We confirmed that the fusion protein was functional, by checking that GFP-MED19a interacted with the Mediator complex. Immunoprecipitation of the GFP-MED19a protein in Arabidopsis led to the detection of both MED6 and MED7 in pull-down assays with native antibodies (Figure 2E).

We then analysed the subcellular localisation of MED19a in vivo in Arabidopsis by confocal microscopy. Live-cell imaging showed that GFP-MED19a and HaRxL44 were present in the same compartments: the nucleoplasm and nucleolus of the plant cell (Figure 2F). Western-blot analysis of two independent transgenic lines producing GFP-MED19a (Figure 2G) demonstrated the presence of a GFP-MED19a protein of the expected size (50 kDa), together with additional signals at higher molecular weights (60 kDa and 70 kDa), suggesting that MED19a is modified post-translationally in planta.

We then challenged the transgenic lines with Hpa and monitored pathogen growth after six days. Both the med19a-1 and med19a-2 mutants were more susceptible to Hpa than wild type, similar to a med15 mutant, which has impaired SATI (med15 [37]; Figure 2H). Complemented lines displayed the same level of susceptibility as wild type plants (Figure 2H), confirming the functionality of the fusion protein. By contrast, transgenic lines overproducing MED19a were more resistant to Hpa than the WT or Arabidopsis lines expressing GFP alone. Therefore, GFP-MED19a can associate with other Mediator subunits and complements med19a loss of function alleles, which suggests that the fusion protein is functional. Thus, the Mediator subunit MED19a is a positive regulator of plant immunity to Hpa.

HaRxL44 destabilizes MED19a in a proteasome-dependent manner

We monitored the subcellular location of RFP-MED19a and GFP-HaRxL44 using confocal microscopy. Both proteins localise to the nucleoplasm and nucleolus, whereas Bimolecular Fluorescence Complementation (BiFC) signals resulting from the co-expression of YFPc-MED19a and YFPn-HaRxL44 constructs are restricted to the nucleolus, following transient expression in N. benthamiana. No BiFC signal was detected in the nucleoplasm, the site of Mediator function (blue arrow, Figure 3A). The destabilisation of RFP-MED19a in the presence of GFP-HaRxL44 was quantifiable by both Western blotting (blue arrow, Figure 3B, Figure S5A) and confocal microscopy (blue arrow, Figure 3C). Furthermore, no decrease in the amount of GFP-MED19a was observed in coexpression experiments with RFP-24 and RFP-45 constructs, which encode other nuclear HaRxLs (Figure 3C, Figure S5A), suggesting that MED19a is specifically targeted by the HaRxL44 effector. As MED19a transcript levels were not affected in HaRxL44 lines (Figure S5B), we conclude that HaRxL44 destabilizes MED19a at the protein level. Taken together these results show that MED19a, which is found in both nucleoplasm and nucleolus, disappears in the nucleoplasm in the presence of HaRxL44, and perhaps persists in the nucleolus because of low proteasome activity in the nucleolus. Since Mediator is known to function in the nucleoplasm, this HaRxL44-mediated degradation of MED19 likely affects Mediator activity.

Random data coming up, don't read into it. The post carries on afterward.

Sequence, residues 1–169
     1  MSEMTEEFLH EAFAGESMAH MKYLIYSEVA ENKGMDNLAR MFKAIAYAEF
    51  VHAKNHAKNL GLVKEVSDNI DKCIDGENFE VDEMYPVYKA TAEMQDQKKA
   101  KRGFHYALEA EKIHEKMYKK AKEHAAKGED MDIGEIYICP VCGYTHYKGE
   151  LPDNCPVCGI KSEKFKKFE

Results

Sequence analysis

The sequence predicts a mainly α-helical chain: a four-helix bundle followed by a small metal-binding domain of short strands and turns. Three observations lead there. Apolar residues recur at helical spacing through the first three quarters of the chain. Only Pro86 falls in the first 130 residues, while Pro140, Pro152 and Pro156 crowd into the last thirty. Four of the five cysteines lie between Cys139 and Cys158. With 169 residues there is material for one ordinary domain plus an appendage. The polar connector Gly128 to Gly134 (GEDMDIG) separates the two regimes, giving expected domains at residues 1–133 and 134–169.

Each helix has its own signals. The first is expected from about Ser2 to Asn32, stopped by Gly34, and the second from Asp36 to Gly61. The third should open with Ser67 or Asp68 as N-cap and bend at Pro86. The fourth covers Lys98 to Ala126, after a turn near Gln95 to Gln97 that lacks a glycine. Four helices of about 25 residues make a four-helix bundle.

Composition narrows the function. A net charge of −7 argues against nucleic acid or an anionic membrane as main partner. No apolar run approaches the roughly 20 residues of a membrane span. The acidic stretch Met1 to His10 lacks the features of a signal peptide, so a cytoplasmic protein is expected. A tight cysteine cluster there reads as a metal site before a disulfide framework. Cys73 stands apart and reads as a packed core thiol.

Figure 3. HaRxL44 destabilizes MED19a in planta.

(A) Subcellular localisation of GFP-HaRxL44 (in green), RFP-MED19a (in red), and YFPc-HaRxL44 + YFPn-MED19a (BiFC, yellow) obtained by transient expression in N. benthamiana. n, nucleus. (B) Western blot analysis of protein extracted after transient expression of DEX::HaRxL44-GFP with RFP or RFP-MED19a in the presence or not of dexamethazone (DEX). Note the decrease in the level of MED19a observed in the presence of HaRxL44. (D) Co-localisation analysis between GFP-MED19a and nuclear-HaRxLs determined by transient assay in N. benthamiana. Note the lack of GFP-MED19a in the presence of RFP-HaRxL44 (arrow).

In the Y2H screen [17], HaRxL44 was found to interact with two E3 ligases (Figures 4A and S3), BOTRYTIS SUSCEPTIBLE 1 (BOI; AT4G19700) and MED25-BINDING RING-H2 PROTEIN-like (MBR1-like; AT1G17970). We investigated whether these E3 ligases are present in the same plant cell compartment as HaRxL44 and MED19a. We investigated the subcellular distribution of these two E3 ligases, by transiently expressing GFP-tagged versions of BOI and MBR1-like in N. benthamiana (Figure 4B). GFP-BOI localises to the nucleoplasm and accumulates in foci, in four to five large bodies. Furthermore, no GFP-BOI signal was detected in the plant cell nucleolus (Figure 4B). GFP-MBR1–like was also localised to the plant cell nucleus (Figure 4B), in a pattern similar to that observed for proteins involved in RNA splicing [41]. GFP-MBR1–like accumulated in large amounts in the plant cell nucleolus and had a punctate distribution in the nucleoplasm (Figure 4B). In order to test whether one of the two E3-ligases interacting with HaRxL44 in Y2H might be responsible for MED19a degradation, we tested the phenotype of BOI and MBR1-like loss-of-function mutants during Hpa infection. Surprisingly, both the boi RNAi line and the mbr1-like T-DNA KO line were more susceptible to Hpa (Figure S5C). However, such loss-of-function experiments are difficult to interpret because BOI and MBR1-like might also affect other components of the plant immune system, leading to an increase in plant susceptibility.

Figure 4. HaRxL44 interacts with and destabilizes MED19a in a Proteasome-dependant manner.